Steven Bernstetter
The MOHELA deal is back and better than ever...or not. The proposal orginally intended to take $350 million in assets and spend it on capital improvement projects for Missouri's public universities. A large chunk of this appropriation was intended to fund a number of projects relating to the biotech industry. Political pressure derailed that version of the project, forcing Governor Blunt and his cohorts to rethink the distribution of those funds. Well they're back with a new list, which can be viewed here, and, not surprisingly, the biotech proposals are gone.

The new list has received somewhat mixed reviews: Republicans are mostly for it, Democrats are mostly against it. I'm a little miffed, as I thought the proposal was originally about creating jobs in a growing industry with great promise. Now, however, that part of the bill has been largely eliminated, and replaced with more mundane projects. I'm also curious about what happened to that assessment by that private firm that found the deal could seriously undermine MOHELA's financial health and ability to continue providing loans to Missouri students. This assessment drew attention to pending federal changes to the Higher Education Act, due to sunset this summer. It seems a little hasty to push this controversial proposal too hard when we don't know how the federal law might change or how those changes might impact Missouri and MOHELA.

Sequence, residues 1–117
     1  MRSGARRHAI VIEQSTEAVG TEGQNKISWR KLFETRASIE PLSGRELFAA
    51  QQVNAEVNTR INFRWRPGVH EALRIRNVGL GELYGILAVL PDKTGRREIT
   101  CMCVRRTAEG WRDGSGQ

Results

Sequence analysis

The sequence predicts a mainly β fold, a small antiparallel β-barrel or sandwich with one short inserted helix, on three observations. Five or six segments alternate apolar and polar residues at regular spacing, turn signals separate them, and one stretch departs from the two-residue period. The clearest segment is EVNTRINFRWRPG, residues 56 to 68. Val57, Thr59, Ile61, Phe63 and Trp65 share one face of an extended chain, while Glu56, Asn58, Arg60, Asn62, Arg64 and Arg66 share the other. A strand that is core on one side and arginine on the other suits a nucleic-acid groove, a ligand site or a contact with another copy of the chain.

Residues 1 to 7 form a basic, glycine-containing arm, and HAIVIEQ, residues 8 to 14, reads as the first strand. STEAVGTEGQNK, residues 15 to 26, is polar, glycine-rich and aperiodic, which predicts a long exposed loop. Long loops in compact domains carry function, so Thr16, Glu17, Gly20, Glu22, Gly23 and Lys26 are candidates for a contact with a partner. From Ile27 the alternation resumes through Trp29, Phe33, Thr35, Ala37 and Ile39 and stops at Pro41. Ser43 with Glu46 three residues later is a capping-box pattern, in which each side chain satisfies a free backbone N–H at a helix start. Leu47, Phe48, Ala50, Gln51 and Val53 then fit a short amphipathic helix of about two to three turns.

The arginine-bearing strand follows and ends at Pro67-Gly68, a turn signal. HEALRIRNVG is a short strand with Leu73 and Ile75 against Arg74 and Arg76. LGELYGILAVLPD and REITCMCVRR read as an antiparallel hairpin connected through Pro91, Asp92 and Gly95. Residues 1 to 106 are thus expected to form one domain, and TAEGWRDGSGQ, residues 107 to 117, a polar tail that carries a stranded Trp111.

Without the long term, lucrative jobs the biotech measures would have created, I'm not sure what Missouri has to gain, beyond the obvious brownie points politicians stand to score in districts receiving the funds. Capital improvement projects are great, but only to the extent that students can afford to attend those schools and utilitize those improvements. With the ever-increasing cost of higher education in this state and others, I'm not sure this is the best way to spend our money at this time. Ultimately we need to be careful, and should at least wait until the federal government does its job before moving forward with any proposal.

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Steven Bernstetter